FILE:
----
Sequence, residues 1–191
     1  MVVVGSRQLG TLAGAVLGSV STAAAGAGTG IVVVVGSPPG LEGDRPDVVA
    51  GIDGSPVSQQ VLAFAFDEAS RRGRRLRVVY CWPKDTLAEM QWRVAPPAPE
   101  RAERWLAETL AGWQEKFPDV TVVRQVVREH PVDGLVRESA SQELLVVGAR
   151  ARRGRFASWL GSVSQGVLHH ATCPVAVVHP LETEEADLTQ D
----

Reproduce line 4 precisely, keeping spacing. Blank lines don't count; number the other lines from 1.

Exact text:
   101  RAERWLAETL AGWQEKFPDV TVVRQVVREH PVDGLVRESA SQELLVVGAR